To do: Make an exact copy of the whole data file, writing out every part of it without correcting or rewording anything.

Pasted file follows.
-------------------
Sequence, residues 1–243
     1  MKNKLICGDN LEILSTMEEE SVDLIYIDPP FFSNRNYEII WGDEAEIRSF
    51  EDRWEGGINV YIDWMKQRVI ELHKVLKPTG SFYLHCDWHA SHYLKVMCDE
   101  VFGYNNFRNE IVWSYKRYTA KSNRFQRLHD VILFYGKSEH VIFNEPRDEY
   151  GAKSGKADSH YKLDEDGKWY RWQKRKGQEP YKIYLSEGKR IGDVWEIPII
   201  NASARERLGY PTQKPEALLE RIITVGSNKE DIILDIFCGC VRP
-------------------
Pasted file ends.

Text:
Sequence, residues 1–243
     1  MKNKLICGDN LEILSTMEEE SVDLIYIDPP FFSNRNYEII WGDEAEIRSF
    51  EDRWEGGINV YIDWMKQRVI ELHKVLKPTG SFYLHCDWHA SHYLKVMCDE
   101  VFGYNNFRNE IVWSYKRYTA KSNRFQRLHD VILFYGKSEH VIFNEPRDEY
   151  GAKSGKADSH YKLDEDGKWY RWQKRKGQEP YKIYLSEGKR IGDVWEIPII
   201  NASARERLGY PTQKPEALLE RIITVGSNKE DIILDIFCGC VRP